“Assuming competence from day one is a must if you want to retain talented disabled employees…”
So said Nancy Doyle in a recent Forbes article entitled “Assume Competence: Neurodivergent Staff Don’t Need Kid Gloves.”
This advice came to mind during a recent conversation between two visually-impaired people and a COO of an upcoming nonprofit organization.
“How can I make my presentations more accessible to blind people?” the COO asked us.
After an awkward pause, my visually-impaired colleague and the COO began an increasingly lively conversation sharing the often similar challenges they experienced creating PowerPoint presentations: what fonts to use, how to incorporate headings, what content to include on which slide–
“Don’t worry about it so much,” my colleague counseled. “The easiest thing to do is to ask disabled people who will be attending your presentation if you get the chance.”
“My take on this might be a bit weird,” I interjected, “but are you aware of the concept of universal design?”
Verbal head nods.
“Well, we usually think about universal design in conjunction with environments: how many non-disabled people use wheelchair ramps, for example. But over the years, I have discovered that this concept is relevant to leadership best practices – that those who do best leading people different from themselves are often better leaders for everyone.”
More verbal head nods.
“This concept might also apply to presentations,” I continued. “Like most non-disabled people, we dread PowerPoint presentations. They’re dull. Crammed with unnecessary information. Disorganized. Preachy.”
“True,” someone said with a smile in her voice.
“So by improving your presentation skills, you will make everyone happier. Put only one concept per slide, and let your presentation and each participant’s notetaking skills do the rest. Accept that people learn more if they believe they are controlling their learning. Mix stories and statistics, because stories bring feelings into the picture — and feelings, not thoughts, drive action.”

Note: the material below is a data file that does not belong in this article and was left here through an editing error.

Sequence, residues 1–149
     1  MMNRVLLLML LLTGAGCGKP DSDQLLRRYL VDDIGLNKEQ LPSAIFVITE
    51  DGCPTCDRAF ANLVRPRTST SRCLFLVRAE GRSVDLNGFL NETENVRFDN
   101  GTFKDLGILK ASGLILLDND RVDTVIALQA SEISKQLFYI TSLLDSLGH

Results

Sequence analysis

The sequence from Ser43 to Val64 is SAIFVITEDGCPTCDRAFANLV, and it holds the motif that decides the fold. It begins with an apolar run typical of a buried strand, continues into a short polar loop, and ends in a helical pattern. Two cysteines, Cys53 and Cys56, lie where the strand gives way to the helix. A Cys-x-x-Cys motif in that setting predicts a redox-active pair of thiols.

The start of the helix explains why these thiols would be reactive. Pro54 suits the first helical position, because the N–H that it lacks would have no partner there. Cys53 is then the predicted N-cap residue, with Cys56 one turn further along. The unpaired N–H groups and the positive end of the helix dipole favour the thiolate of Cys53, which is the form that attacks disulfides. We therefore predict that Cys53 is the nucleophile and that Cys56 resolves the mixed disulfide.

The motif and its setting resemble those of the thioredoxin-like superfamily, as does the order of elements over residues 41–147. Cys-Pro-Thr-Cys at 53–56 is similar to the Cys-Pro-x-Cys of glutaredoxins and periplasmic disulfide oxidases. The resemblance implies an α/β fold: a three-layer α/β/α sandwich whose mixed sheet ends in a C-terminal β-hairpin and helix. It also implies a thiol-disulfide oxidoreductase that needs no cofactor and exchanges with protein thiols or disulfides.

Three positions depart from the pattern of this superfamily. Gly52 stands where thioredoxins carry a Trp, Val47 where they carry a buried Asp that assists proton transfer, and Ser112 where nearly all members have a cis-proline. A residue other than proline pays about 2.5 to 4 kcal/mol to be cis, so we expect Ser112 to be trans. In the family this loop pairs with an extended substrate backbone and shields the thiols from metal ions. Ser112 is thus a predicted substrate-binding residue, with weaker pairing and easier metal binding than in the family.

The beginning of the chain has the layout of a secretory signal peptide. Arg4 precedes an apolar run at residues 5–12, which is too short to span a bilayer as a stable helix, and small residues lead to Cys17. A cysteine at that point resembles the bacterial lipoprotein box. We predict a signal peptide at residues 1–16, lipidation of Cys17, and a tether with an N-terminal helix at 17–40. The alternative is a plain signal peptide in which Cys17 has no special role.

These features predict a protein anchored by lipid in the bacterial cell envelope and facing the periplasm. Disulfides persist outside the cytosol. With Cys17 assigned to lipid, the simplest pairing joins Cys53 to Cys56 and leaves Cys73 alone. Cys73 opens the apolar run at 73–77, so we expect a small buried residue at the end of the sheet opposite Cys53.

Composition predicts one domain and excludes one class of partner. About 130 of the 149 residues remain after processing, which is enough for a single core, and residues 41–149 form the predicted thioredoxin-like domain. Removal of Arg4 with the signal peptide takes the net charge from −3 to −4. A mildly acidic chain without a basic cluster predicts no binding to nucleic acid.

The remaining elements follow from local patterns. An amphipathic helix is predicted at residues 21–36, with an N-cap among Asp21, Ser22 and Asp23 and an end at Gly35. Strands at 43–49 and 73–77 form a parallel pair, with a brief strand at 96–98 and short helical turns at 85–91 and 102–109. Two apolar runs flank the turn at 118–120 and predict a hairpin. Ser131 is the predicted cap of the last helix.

This led to a brief discussion about the downsides of cramming too much information onto a slide, and how to address this challenge.
“And we could do a lot of good by trying to figure out if another approach might be better in conveying information than a PowerPoint presentation,” I said, trying to conclude my ad hoc presentation smoothly. “And we would each do well in trying to assume that everyone we meet is competent, especially those who are significantly different from us.”
This essay was written under the auspices of Blind Institute of Technology™ (BIT, a nonprofit organization that envisions a world in which disabled people have the same employment opportunities as their peers. They aim to help disabled professionals and the employers who hire them find synergistic success through education, preparation, and accessible technology. For additional information, please visit their website).